“And I gotta fold,” McAllister chuckled after his drink. "South ridge at six o’clock is gettin’ a might close.” He dropped his cards on the table. Good night, y’all. Simon, take the doc to the cleaners for me.”

Adler nodded a farewell. “That’s a certainty,” he said as he laid his own hand down. “Garbage in, garbage out.”

Jennifer dropped her cards. “White flag for me, too…what is that about?”

Dorian’s eyes had lifted. “The makings of a bad joke,” he observed. “Two Feds walk intah a bar…” He lowered his eyes. Wouldn’t take much to follow the progress of two purple bellies in full battle dress as they went from patron to patron. “Deal us a fresh hand, Jennifer,” he said quietly.

She was in the act of tossing out cards when the soldiers stepped up. “How long you been here?” asked one of the pair.

Dorian pointed at the bottle. “That was full when we started,” he smiled. “Bout two hours, Ah conjure.”

The soldier regarded the table, with it’s collection of shot glasses, cards, and the small pile of credits in the center. He handed a tablet to Simon. “Any of you know this person?”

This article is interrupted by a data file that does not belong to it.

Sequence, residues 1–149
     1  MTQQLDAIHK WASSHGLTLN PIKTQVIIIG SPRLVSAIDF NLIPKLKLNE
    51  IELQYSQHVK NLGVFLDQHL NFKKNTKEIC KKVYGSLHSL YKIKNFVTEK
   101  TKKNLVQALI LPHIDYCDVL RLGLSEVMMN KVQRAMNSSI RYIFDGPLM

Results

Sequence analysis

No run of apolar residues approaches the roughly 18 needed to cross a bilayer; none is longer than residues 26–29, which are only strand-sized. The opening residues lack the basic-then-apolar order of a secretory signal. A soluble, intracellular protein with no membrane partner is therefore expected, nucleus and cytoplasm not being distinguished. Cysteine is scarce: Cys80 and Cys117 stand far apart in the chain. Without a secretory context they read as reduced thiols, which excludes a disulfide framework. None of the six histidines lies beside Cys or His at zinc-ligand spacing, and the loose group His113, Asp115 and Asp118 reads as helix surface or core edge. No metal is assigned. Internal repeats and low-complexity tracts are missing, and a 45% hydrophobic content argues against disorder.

“No,” Simon passed the device to Jennifer.

“Me, either.”

The tablet crossed to Dorian, its’ screen aglow with a frozen video image. He couldn’t make out a lot of the surrounding, as the camera was focused on a single doorway, and the figure who appeared to be exiting. The man held a bag of some weight, judging by the dip to his shoulder. Though the clothing looked familiar, he didn’t need to waste his time studying that, when the image of the man’s face was so clearly displayed. Thomas Devron…Lunar Veil’s mechanic, looked up from the screen.

“Can’t say Ah’ve evah seen ‘im,” Dorian said as he casually returned the unit.

The soldier eyed him suspiciously. “What’s your name?”

“Dorian Adler, Doctah of Dental Surgery. Mah card, sir.”

“Lotta guns for a dentist,” the Fed observed. He nudged the muzzle of his weapon toward the pearl handles on Dorian’s belt.